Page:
Hear WLRN-Miami Herald host Phil Latzman's interview with Dan Christensen.
The State Integrity Investigation – a collaboration of Public Radio International, the Center for Public Integrity and WLRN in Miami – is the first comprehensive look at state government for every state in the country. What’s working? What’s not working? How susceptible is the process to corruption?
Florida's government, overall, was given a C-minus for its integrity – not great, but still the 18th best in the country.
Powerful businessman Norman Braman is casting a long shadow over the Miami-Dade County Commission election. He's backing a slate of four candidates against four incumbents, ostensibly in the name of reform and good government.
Braman, a civic activist, car dealer and former owner of the Philadelphia Eagles football team, was the prime mover in the recall of former county mayor Carlos Alvarez. He was also a bitter but unsuccessful opponent of the Miami Marlins stadium deal. Braman favors reforms that would limit spending and commissioners' political power.
Experts say the city of Miami will face ‘a battle every year’ unless its leaders address structural problems with the budget. Hobbled by unimaginative leadership, passive management and petty political gamesmanship , the city careens from one budget shortfall to the next without fixing its fundamental fiscal problems.
Among the city’s chief issues, according to experts: spending beyond its means, ballooning pension costs and failing to generate new revenue. Policy analysts say politics and poor decisions have made matters worse.
Monroe County, and four other Florida counties, have begun early voting for the August 14th primary. All five are protected by the 1965 Voting Rights Act. This means that any new voting law there must be cleared by the federal government.
Last year, state lawmakers passed a law reducing the number of early voting days.
“Until this year, the state has refrained from implementing those changes statewide until it had pre-clearance to do so in the five covered counties,” explains Michael Masinter, a law professor at Nova Southeastern University.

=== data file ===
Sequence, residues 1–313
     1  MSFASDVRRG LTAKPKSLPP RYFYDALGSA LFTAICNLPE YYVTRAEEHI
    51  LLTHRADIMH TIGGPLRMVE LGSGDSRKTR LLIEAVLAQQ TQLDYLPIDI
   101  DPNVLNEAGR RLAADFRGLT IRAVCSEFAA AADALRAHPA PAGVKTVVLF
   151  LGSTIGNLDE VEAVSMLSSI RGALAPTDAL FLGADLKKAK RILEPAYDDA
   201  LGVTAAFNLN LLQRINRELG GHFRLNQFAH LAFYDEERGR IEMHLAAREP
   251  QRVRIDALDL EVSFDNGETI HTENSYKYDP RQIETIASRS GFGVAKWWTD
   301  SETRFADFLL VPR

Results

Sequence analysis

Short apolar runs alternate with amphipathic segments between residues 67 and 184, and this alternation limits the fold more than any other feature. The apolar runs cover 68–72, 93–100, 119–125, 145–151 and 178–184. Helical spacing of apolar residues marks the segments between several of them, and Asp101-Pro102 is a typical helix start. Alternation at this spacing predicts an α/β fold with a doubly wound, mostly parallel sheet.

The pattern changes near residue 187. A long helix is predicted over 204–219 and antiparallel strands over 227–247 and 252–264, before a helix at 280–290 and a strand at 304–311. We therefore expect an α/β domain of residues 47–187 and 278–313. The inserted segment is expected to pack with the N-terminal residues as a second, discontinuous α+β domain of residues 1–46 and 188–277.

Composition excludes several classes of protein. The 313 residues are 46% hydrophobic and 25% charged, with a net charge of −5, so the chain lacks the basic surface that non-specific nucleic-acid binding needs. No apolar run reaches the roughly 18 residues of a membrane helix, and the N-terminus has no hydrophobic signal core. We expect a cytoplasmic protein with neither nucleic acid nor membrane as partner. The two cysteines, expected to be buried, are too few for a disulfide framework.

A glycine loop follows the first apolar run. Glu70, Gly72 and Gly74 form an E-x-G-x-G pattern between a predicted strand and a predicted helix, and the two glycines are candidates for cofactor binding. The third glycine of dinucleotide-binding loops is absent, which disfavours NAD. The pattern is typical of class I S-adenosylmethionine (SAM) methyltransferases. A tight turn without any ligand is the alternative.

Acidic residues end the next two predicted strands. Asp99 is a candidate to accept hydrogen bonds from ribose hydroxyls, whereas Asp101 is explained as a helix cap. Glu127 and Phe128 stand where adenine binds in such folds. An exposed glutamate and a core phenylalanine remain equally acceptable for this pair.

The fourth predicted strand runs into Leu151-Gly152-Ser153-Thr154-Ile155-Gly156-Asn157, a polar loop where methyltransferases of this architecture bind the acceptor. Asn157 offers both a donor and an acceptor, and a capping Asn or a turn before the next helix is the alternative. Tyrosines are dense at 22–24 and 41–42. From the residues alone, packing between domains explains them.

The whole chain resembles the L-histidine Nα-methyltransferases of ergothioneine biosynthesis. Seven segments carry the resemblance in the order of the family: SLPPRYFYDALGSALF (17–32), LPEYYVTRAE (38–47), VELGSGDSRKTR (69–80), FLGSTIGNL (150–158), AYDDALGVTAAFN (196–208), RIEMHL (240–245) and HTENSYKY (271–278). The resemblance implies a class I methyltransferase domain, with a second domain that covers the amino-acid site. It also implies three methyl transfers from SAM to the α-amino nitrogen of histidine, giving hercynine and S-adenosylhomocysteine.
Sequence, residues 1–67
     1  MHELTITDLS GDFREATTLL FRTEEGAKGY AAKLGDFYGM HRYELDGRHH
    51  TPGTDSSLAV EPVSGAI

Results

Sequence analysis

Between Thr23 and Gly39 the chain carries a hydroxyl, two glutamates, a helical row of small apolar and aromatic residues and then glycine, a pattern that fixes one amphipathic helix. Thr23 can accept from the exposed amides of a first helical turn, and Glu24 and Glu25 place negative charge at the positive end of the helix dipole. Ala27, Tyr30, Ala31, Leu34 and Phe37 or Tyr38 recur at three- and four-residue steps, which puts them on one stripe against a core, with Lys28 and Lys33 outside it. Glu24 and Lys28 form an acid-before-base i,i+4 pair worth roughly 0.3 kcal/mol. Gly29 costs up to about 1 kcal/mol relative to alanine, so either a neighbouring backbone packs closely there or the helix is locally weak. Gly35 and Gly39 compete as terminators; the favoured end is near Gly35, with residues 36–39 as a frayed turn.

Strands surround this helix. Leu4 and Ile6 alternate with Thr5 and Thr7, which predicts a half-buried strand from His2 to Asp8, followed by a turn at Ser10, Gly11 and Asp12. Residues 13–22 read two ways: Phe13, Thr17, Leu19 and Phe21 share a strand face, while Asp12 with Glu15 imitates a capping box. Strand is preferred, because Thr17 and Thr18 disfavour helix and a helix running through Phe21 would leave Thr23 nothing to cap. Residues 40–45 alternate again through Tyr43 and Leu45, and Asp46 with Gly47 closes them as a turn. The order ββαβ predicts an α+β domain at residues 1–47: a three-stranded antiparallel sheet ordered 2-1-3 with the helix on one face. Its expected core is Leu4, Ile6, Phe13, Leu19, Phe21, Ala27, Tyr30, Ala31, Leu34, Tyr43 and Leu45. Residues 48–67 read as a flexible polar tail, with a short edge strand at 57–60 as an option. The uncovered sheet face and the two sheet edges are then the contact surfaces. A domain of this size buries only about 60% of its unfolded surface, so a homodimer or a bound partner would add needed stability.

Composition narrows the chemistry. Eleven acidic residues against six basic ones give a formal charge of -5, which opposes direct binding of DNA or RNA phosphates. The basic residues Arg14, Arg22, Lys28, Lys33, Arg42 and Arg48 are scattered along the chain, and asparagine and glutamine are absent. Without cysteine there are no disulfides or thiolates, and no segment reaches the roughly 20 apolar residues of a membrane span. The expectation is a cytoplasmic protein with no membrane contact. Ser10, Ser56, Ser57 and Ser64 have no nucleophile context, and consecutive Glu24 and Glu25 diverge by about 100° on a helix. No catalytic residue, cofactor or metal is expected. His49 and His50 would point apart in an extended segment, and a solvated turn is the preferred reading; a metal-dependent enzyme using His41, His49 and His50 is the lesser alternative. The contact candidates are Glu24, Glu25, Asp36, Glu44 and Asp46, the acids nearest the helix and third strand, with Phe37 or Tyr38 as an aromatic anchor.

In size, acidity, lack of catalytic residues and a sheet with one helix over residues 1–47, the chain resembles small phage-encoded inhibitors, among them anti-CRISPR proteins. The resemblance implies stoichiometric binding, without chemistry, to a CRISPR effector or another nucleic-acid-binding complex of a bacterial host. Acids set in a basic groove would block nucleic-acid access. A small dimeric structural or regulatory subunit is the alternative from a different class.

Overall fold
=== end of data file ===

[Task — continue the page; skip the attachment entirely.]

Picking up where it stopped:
Miami Herald South America bureau chief Jim Wyss on Venezuela, Colombia and the Summer Games
Forget the US election.
There may be an even more important presidential vote taking place in Venezuela this fall.
Miami Herald South America bureau chief Jim Wyss updates WLRN's Phil Latzman on Hugo Chavez's fight to keep his job against upstart opponent Henrique Capriles. Also discussed: political strife in Colombia and Latin American countries tasting rare Olympic glory during the Summer Games in London.
Hear Matt Laslo's radio story about how Grover Norquist's Taxpayer Protection Pledge has a hold on the GOP.
WASHINGTON - Grover Norquist may not be a household name. He’s never been elected to public office, just some conservative boards like the National Rifle Association and others.
But Norquist is viewed as a powerhouse in Washington. He’s gotten 238 House members and 41 senators to sign his pledge saying they’ll never raise taxes – that includes virtually every single Republican member of Congress from Florida.
Only 13 Republicans in Congress have refused to sign his Taxpayer Protection Pledge.
Throughout every election cycle, it’s fair to say that there’s more nail-biting in Palm Beach County than in any voting district in the country. For nearly 12 years, a reputation for botched elections has clung to the county like a hanging chad.
Next Tuesday's primary will be the first election since redistricting under anti-gerrymandering rules changed all of the political maps. The process made, changed or destroyed some political careers in the Florida Legislature, and not every one is sure the redistricting process accomplished its goals.
As Republican U.S. Representative Allen West is hoping to be elected in a new district, two candidates from way over on the other side of the aisle are each hoping to fill the congressional seat he leaves behind.
On a bright Saturday morning in a southeast Pompano Beach neighborhood, Broward County Commissioner Kristin Jacobs -- all legs and sunglasses in a short green skirt and sleeveless blue t-shirt -- zips by at the controls of a two-wheeled Segway.